Our count only includes adult birds at the breeding site. Numbers of adults vary less on an inter-annual basis than that of chicks and are therefore a more accurate metric of population size [33]. Previously published work suggests that total chick mortality can be as high as 90%[25], [33] especially where storm events result in total breeding failure [26](total chick loss would result in the early dispersal of the colony, and this is a possible reason why the Peterson Bank colony did not exist at the time of imaging in late November). Our estimate does not include juveniles or non-breeding adults not present at the colony, or birds that have attempted to breed (present in May or June at the colony site) and have since departed. The percentage of birds remaining at the colony site after egg loss (egg loss is estimated to be approximately 20% of eggs laid with a SD of 6.4% [33])is low; typically less than 1%. Egg loss variability is one of several sources of potential error that must be included when converting a figure of adults at the colony site in October/November to a total population figure.

A better metric of population size would be a count of all colonies in June, when one male per breeding couple is at the colony site [33], all but five of our colony locations are south of the Antarctic circle and would be in 24 hour darkness at this time, so remote sensing with visible wavelengths of light at these colonies will be impossible. Even in the more northerly colonies at midwinter it is not feasible to use optical satellite imagery as the small time window, long shadows and low light levels result in a very limited number of very poor images, rendering accurate analysis impractical. The earliest possibility of gathering data from the most southerly emperor penguin colony (Gould Bay) is in late September or early October, so any continent wide survey that uses a consistent remote sensing methodology using visible wavelengths has to be after this date. Further ground truthing work to assess the number and variability of adults present in October/November compared to the actual breeding population present in June would aid our estimate.

Numbers and interpretation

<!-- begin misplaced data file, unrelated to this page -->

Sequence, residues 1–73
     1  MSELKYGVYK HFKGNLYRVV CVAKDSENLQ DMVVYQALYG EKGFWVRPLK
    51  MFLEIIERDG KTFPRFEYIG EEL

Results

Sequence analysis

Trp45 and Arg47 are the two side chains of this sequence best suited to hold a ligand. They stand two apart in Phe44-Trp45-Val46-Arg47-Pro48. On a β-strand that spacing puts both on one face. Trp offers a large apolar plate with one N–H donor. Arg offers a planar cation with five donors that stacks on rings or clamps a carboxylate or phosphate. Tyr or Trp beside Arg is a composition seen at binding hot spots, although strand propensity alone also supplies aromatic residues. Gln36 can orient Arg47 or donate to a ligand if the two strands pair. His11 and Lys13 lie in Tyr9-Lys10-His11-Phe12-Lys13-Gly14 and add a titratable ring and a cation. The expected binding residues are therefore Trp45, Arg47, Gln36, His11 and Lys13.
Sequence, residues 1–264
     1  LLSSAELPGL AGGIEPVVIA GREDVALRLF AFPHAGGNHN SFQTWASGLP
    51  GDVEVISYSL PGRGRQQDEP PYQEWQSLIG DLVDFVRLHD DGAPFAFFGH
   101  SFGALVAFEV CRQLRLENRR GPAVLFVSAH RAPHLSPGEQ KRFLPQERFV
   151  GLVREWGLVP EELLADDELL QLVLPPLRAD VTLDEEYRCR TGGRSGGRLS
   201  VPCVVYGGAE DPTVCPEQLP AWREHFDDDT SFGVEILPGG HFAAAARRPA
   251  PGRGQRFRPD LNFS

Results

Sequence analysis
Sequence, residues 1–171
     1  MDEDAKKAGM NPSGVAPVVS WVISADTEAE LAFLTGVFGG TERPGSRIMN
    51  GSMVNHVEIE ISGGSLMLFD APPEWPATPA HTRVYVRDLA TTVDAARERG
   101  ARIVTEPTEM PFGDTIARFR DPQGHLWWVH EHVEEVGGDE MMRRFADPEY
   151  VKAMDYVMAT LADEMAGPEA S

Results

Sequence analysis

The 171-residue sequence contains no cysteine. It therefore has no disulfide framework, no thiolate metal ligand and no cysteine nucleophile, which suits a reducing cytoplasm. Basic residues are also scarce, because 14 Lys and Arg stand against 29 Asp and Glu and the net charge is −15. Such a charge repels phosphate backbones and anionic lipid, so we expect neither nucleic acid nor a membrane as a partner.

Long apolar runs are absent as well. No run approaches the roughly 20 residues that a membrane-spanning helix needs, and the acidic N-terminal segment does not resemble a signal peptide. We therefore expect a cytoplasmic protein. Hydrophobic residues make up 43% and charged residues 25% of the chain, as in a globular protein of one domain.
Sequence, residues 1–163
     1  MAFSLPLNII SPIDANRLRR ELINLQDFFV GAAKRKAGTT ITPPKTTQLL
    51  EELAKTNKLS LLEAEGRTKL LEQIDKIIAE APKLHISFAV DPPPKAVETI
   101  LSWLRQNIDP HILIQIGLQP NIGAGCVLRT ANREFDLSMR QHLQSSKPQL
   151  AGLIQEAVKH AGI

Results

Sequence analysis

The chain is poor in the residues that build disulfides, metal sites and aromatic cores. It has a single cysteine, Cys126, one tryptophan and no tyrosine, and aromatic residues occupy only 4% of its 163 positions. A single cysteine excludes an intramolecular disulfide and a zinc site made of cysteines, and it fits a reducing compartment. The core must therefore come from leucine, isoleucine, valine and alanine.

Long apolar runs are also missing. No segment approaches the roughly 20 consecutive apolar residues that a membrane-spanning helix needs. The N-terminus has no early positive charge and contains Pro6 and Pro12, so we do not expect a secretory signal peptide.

Mature emperor penguins breed almost every year [27]. The proportion of the breeding population each year has been estimated at 80% of the total population [26]. Using these estimates our October breeding population estimate therefore may represent a global population of around 595,000±81,753 individual birds, pre-breeding, i.e. before chicks of the year have hatched. The error figure is the sum of the regression error and potential variability associated with image quality, plus SD of egg loss variability, the variability of chick mortality between hatching and image acquisition is not included as this potential error source is presently unknown. However, it must be noted that our breeding estimate stems from for only one year (2009). Inter-annual population fluctuations at individual colonies can be as high as 30%, and changes of 10% or more per year are typical [3], [26], [28]. Recent population work gives the standard deviation of breeding adults at two well documented colonies; at Pointe Géologie over a fifty year period of CV 33.2%, and Haswell Island over a similar, but less well sampled, period as CV 22.4%. This magnitude of annual change should be identified by using the methods suggested in this paper and could be used in future to detect population trends. In the past, such variability was linked to a number of factors, which have been discussed in detail elsewhere [2], [8], [27], [29]. There is some indication that these factors are not independent, but act on the population as a whole [33]. Relationships with sea-ice variability, the Southern Annular Mode and prey and predator abundance all have the potential to modulate the annual breeding population. Therefore, to disentangle global, regional, or colony population trajectories associated with climate change from other influences will require long term ecological research. Such research is now becoming urgent as regional climate change is already impacting upon areas of West Antarctica and the Antarctic Peninsula [30] and colonies in this region may already be affected by the consequent loss of sea ice [8].